Staying Healthy if Travelling Abroad this Summer
24 Jul 2023
During the summer holiday season many people are preparing to travel abroad. Health risks abroad vary between country to country.
You can help to protect the health and safety of yourself and your family when travelling abroad this summer by following the advice and tips below.
Before travelling abroad, make sure you:
- review the Foreign, Commonwealth & Development Office (FCDO) travel advice for information on climate issues and natural disasters, COVID-19, entry requirements, personal safety, and local laws and customs at your destination(s) and any stopover(s)
- have valid comprehensive travel insurance that covers all planned activities and destinations, and includes cover for expenses and evacuation cover in an emergency. Make sure you share details of your policy with your next of kin and travel companions.
- apply for an EHIC/GHIC card in advance of travel to Europe (be aware that this isn’t a replacement for travel insurance, but can help you to get state healthcare in a European country at a reduced cost or sometimes for free)
- and your family are up to date with all routine immunisations recommended for life in the UK, including MMR
- review the country specific advice for your destination(s) for information on advisable vaccinations, malaria risk, disease outbreaks and other health risks at your destination(s)
- seek a travel health consultation at least 6-8 weeks in advance of travel (even if travel is sooner, a travel health consultation can still be beneficial)
You can stay healthy and protect yourself and family against most of the common health risks when travelling abroad, by:
- Infectious diseases such as COVID-19 , measles and flu (influenza) can spread easily between people in crowded areas
- Measles outbreaks are on the rise in the UK and abroad. For country-specific information on outbreaks, see the news section
- The COVID-19: Health Considerations for Travel page provides advice on reducing your risk of exposure to coronavirus (COVID-19) before, during and after travel
- Be aware that even though it is summer in the UK, the flu season in the southern hemisphere runs between April to September
Taking safe food and water precautions:
- Make sure you drink plenty of fluids, and limit your alcohol intake to avoid becoming dehydrated, especially if the weather is hot – see advice on Heat and Humidity
- Traveller’s diarrhoea is a common cause of illness during travel, it is important you know about self-treatment and when to seek medical help
Practicing effective insect and tick bite avoidance at all times of the day and night:
- Summer months can lead to an increase in biting insects; make sure you know how to reduce and manage insect bites
- Be aware there has been a recent rise in mosquito-borne and tick-vorne diseases in Europe
- If you are visiting countries where malaria is present, it is important to know how to protect yourself and your family using the A, B, C, D approach to malaria prevention, and always seek a travel health risk assessment for malaria advice and/or tablets.
Trying to avoid contact with animals to reduce your risk of animal bites and scratches:
- Animal bites are not uncommon, and if not managed appropriately at the time of injury, can potentially cause rabies, tetanus or serious wound infections
- Make sure you know what to do if you are bitten or scratched by an animal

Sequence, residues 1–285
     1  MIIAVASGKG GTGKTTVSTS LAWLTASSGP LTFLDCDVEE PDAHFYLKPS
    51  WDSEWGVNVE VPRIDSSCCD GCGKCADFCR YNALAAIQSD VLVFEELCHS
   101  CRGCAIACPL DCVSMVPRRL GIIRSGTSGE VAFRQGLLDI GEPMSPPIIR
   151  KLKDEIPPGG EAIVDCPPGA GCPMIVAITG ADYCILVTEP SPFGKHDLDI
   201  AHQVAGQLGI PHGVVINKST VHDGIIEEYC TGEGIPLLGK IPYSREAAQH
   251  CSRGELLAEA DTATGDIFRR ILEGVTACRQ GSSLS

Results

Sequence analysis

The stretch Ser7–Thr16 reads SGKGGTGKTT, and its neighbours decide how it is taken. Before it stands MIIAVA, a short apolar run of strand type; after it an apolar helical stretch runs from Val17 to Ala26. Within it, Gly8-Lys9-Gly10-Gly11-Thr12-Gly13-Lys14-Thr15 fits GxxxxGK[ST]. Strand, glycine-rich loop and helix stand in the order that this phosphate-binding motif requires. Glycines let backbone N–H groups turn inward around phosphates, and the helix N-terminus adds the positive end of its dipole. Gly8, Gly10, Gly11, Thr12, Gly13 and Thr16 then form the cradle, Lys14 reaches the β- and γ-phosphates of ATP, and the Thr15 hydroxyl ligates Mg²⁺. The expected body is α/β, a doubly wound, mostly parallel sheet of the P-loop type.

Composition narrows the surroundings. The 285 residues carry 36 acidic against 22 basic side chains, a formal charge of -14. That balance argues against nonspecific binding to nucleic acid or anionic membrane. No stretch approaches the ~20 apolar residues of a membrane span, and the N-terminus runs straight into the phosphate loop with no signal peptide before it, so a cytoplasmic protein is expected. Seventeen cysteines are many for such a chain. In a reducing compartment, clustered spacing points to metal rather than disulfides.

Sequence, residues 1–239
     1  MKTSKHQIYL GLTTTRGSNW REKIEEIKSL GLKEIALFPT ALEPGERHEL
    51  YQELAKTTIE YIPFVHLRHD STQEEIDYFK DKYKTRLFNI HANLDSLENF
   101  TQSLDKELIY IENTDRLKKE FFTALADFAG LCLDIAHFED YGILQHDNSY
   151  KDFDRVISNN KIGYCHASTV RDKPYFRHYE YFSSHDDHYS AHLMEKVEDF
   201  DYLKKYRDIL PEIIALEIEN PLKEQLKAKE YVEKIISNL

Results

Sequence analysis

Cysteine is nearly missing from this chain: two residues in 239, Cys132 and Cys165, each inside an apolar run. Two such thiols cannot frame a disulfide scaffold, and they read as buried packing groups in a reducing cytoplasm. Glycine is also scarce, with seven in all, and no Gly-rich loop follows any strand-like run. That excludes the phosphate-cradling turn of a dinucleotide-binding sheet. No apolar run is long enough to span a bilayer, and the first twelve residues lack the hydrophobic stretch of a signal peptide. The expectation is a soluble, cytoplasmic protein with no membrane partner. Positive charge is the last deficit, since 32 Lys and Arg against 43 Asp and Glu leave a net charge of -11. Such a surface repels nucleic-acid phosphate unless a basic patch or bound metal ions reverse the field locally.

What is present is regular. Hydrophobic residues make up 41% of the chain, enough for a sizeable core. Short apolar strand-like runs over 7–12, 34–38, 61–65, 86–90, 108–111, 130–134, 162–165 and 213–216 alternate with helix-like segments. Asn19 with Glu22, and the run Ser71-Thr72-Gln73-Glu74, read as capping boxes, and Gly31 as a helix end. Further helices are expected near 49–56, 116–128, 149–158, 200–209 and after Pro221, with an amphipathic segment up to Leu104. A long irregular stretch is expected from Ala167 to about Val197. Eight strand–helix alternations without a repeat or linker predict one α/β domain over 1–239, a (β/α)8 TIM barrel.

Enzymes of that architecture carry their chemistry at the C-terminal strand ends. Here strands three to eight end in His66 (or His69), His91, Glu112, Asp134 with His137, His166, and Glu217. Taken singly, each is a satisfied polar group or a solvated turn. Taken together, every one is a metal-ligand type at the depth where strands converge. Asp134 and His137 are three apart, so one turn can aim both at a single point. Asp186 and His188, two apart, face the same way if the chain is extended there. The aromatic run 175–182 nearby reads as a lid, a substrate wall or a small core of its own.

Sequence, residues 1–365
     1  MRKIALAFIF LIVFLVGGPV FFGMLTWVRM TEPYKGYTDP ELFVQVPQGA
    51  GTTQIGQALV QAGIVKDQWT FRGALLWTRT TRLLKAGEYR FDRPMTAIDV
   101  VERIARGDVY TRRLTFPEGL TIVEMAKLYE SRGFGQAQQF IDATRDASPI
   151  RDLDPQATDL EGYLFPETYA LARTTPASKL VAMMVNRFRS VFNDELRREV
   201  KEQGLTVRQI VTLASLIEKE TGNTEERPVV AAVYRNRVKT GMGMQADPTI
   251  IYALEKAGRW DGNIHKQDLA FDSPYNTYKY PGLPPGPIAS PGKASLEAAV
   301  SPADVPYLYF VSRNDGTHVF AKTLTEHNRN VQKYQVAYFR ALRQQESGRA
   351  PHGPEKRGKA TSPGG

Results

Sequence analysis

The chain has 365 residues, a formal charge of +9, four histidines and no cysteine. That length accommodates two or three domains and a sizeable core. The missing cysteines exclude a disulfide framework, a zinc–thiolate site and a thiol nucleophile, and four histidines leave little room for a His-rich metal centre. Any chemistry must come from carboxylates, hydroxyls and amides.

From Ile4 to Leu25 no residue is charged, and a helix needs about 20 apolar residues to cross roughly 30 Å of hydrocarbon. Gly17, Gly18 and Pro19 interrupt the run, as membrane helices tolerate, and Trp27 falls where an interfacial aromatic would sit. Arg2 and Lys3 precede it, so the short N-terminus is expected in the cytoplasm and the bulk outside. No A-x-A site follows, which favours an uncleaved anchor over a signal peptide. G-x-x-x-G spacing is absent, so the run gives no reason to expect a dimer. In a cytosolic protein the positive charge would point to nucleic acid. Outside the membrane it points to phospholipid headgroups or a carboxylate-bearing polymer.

- The use of condoms and regular sexual health testing can help reduce the risk of blood borne viruses and other sexual health risks, including mpox during travel
Practicing sun safety
- This can help reduce your risk of sunstroke and other heat disorders in warm weather, as well as skin cancer
Carrying a simple first aid kit to self-manage basic health problems
Trying to limit your intake of alcohol and/or drug use as these can lead to risk-taking behaviours which may increase your risk of accidents and/or injuries occurring. Be aware that in some countries, the penalties for possessing drugs can be very severe.
Considering your Personal Safety. Make sure you :
- read the FCDO travel advice for information on local laws and customs, safety and security issues and entry requirements at your destination(s). You can also sign up for travel advice email alerts.
- stick with your friends and don’t go off alone. Keep an eye on each other’s drinks, share copies of passports, accommodation details and other important documents with each other.
- be aware of passport safety tips and replacement process in event of being lost or stolen
- know how to access help and services from the UK government when abroad
Type of Travel
Depending on the reason for your trip, additional information specific to each of the following types of travel is available:
- Cruise Travel
- Expeditions and Volunteering
- High Altitude Travel
- Longer Stay Travellers
- Package Tourist
- Travelling Abroad for Medical Treatment
- Travelling Abroad to attend Festivals and other Gatherings
- Visiting Friends and Relatives
- The risk of FGM for girls travelling abroad during the summer months (also known as ‘cutting season’) is high.
- FGM is child abuse and against the law in the UK. If you perform FGM, help to perform FGM, or fail to protect a child from FGM, you could face up to 14 years in prison.
- If you, or someone you know, is at risk of FGM, or has undergone FGM then help is available.
If you or your family become unwell in the weeks/months after travel, particularly with a high fever, flu-like symptoms, rash and/or diarrhoea, you should seek urgent medical advice. Make sure you mention your recent travel history to the health professional, particularly if you have travelled to a country where malaria is a risk.